Once you subscribe to Awkward Silence, you will receive 10 new conversation starters emailed to you every week. Plus a starter pack to get you talking immediately.

Add awkwardsilence@awkwardsilence.com.au to your “safe-senders” list immediately to ensure you get our emails.

When you are in a setting where the conversation needs a kick-start, you simply pull out your phone, check your email and pick a conversation starter or bunch that you like. This may be when alone with your partner, over a coffee, on a road-trip, having drinks with friends, at dinner with your family, etc.

For instance, Susan goes out for a coffee with Jill. They are old friends. After updating each other about the week, Susan starts asking questions she doesn’t particularly care to hear the answers for (How is work?, How is Bruce?), and is wondering how long it will be before she can make an excuse to move on. Jill checks the latest Awkward Silence email on her phone.

Jill:  Do you think bugs have emotions?
Susan:  I don’t think so.  They just do what they need to.
Jill:  But what about bees?  Can’t they get angry?
Susan:  That’s true.  And ladybugs can fear you, they will curl up in balls to protect themselves.  And ants have dedication I suppose.  Is dedication an emotion?
Jill:  I’m not sure.
Susan:  Do you think we should be stepping on bugs if they have emotions?
Jill:  I think it’s fine.
(Note: At this point two more possible conversation topics have already emerged from the first conversation starter.)
Susan:  What made you ask that anyway?
Jill:  I subscribe to Awkward Silence and they send me conversation starters.  Do you want to do another one?
Susan:  Yes please!

Susan has become more enthusiastic about the conversation. You can be sure that next time they get together for coffee that Susan will be asking Jill to pull out her latest email notification from Awkward Silence, if she hasn’t already subscribed to it herself.

Awkward Silence always send out a combination of fun & deep conversation starters. Beginning with some fun questions can help “disarm” a person so that when you ask the deep questions they are more likely to answer openly.

As we saw earlier, one conversation starter can open up other ideas for conversation. That’s the point of Awkward Silence, we give ideas to start the conversation.

The people that get the most out of Awkward Silence are the ones who aren’t defensive with their answers, giving non-answers. For instance:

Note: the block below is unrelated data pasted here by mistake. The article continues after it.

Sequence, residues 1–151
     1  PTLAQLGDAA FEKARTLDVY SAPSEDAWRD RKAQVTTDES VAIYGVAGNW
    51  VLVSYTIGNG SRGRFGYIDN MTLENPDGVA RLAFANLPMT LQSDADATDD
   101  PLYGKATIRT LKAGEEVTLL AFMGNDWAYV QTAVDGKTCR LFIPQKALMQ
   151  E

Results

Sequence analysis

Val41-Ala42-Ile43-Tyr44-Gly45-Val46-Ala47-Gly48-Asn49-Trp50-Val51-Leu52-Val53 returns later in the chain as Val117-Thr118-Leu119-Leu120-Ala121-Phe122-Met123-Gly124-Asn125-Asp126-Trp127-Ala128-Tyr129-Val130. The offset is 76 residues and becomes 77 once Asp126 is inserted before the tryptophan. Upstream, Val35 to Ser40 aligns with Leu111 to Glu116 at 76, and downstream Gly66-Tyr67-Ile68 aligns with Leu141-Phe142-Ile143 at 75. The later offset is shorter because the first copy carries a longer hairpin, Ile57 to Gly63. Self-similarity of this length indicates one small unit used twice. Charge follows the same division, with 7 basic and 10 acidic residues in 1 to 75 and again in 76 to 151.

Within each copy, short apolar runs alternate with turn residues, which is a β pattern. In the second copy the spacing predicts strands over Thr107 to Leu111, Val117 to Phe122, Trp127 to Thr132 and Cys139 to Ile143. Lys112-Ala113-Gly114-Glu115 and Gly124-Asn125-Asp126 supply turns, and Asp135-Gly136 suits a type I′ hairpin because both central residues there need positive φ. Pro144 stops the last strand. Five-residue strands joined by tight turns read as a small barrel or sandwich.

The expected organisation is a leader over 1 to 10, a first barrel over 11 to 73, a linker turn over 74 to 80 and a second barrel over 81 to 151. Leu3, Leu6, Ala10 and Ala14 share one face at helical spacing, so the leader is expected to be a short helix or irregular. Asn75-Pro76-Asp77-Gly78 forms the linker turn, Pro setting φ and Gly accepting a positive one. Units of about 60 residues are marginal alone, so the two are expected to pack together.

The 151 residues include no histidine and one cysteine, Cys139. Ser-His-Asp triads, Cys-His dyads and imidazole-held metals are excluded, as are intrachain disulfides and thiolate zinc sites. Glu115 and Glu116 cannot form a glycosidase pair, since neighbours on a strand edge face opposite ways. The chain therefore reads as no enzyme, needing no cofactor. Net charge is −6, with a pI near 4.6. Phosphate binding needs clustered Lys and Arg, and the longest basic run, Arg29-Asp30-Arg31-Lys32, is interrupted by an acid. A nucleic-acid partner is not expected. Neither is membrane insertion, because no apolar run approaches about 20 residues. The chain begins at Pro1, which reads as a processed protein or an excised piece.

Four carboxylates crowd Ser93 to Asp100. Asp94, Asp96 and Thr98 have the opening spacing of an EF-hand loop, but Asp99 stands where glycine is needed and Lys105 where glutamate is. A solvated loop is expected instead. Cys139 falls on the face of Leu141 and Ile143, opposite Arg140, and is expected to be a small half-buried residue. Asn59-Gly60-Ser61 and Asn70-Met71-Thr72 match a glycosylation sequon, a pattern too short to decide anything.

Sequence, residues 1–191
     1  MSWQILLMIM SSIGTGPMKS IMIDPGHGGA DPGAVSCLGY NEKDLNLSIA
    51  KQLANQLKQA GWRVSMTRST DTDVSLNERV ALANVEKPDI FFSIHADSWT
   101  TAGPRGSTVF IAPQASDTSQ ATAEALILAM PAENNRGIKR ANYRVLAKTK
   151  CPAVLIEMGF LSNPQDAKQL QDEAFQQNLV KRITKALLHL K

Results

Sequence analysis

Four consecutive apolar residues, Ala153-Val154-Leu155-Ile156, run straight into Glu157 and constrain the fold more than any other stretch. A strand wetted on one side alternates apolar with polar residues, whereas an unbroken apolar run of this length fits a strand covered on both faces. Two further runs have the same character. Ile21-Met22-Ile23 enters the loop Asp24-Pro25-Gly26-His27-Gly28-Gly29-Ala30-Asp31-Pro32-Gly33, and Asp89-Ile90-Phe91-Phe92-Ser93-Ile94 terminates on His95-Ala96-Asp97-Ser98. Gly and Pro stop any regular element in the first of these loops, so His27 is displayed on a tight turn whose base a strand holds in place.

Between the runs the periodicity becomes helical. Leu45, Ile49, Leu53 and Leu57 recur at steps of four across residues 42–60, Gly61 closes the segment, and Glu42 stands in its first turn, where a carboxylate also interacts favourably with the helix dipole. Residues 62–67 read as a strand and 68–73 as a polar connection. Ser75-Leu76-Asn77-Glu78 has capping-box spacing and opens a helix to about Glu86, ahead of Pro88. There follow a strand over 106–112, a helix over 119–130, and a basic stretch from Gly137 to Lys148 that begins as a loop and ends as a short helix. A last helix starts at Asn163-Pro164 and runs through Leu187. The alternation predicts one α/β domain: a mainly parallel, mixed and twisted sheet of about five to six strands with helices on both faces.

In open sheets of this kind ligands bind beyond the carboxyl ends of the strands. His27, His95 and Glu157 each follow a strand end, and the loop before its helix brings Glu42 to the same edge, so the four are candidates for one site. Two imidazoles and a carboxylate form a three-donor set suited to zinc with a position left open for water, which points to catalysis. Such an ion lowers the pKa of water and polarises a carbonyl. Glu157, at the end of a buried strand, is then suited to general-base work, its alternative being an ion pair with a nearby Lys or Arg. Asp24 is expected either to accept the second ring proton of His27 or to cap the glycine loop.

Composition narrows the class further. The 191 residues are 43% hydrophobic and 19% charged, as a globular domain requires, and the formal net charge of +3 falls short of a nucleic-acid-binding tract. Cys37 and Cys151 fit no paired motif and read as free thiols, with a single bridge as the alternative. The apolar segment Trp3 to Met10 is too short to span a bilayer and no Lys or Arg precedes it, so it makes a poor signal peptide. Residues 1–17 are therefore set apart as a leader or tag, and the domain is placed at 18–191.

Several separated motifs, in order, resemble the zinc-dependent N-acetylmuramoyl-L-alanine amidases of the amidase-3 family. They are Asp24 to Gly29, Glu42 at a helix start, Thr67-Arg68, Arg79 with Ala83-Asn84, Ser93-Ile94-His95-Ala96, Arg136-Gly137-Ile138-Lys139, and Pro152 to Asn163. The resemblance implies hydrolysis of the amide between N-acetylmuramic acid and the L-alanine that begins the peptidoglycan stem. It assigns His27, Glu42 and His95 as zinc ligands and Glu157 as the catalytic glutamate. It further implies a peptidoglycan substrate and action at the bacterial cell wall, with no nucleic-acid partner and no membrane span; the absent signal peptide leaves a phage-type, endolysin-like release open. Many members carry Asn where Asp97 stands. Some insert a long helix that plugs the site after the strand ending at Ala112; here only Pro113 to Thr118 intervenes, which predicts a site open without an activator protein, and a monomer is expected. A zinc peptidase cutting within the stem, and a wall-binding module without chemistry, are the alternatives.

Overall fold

Wilbert: What’s more important for a relationship: chemistry or compatibility?
Roger:  Define chemistry.  Define compatibility.  Define relationship.  The question isn’t specific enough.
Wilbert:  OK, let’s try this one instead.  Do you think bugs have emotions?
Roger:  It’s irrelevant.  That question is stupid.
Wilbert:  OK.
(End of attempt to have an engaging conversation.  Wilbert doesn’t get together with Roger again in a hurry.)

Roger was looking for reasons to not answer the question. He could have easily used general understandings of definitions for those terms, but instead nit-picked like he was trying to win a debate. He missed out on an engaging conversation in an attempt to make himself sound clever. He was right that it probably doesn’t matter whether bugs have emotions, but he also missed the point that Wilbert was trying to have a fun conversation with him.

When you use Awkward Silence, you will find many will participate heartily in it and thoroughly enjoy it. Others will resist it. Use Awkward Silence with those who actually want to interact with you.

At times, conversations will reveal a difference of opinion in people. Conversations can be a great way to challenge people, though if they disagree with you then they will rarely change their opinion on the spot. But it can contribute to you both thinking through and articulating your viewpoint. Often people change their opinion privately, perhaps as a result of being exposed to new viewpoints in earlier conversations. So converse respectfully, and accept that it’s often OK for people to have a difference of opinion or differing attitude.

When you receive your weekly subscription from Awkward Silence, perhaps add it to a special folder in your email cabinet. That way you can access them easily again in the future.

If there are people you catch up with regularly, you will find that using Awkward Silence will become a natural habit.

If you are in your lunch room at work, get your phone out and ask some Awkward Silence questions.

Having dinner with your partner? Turn the TV off and use Awkward Silence to start a conversation. Or if you’re out to dinner, make it interesting while waiting for the food to come.

Peak hour traffic jam again? Make the trip fly by with gripping conversation between you & your passenger.

Beer o’clock? Loosen up for great conversations.

Are your kids looking at their phone rather than interacting with you? Use Awkward Silence to give them some conversation bait.

Awkward Silence is simple to use, as long as you enjoy conversation.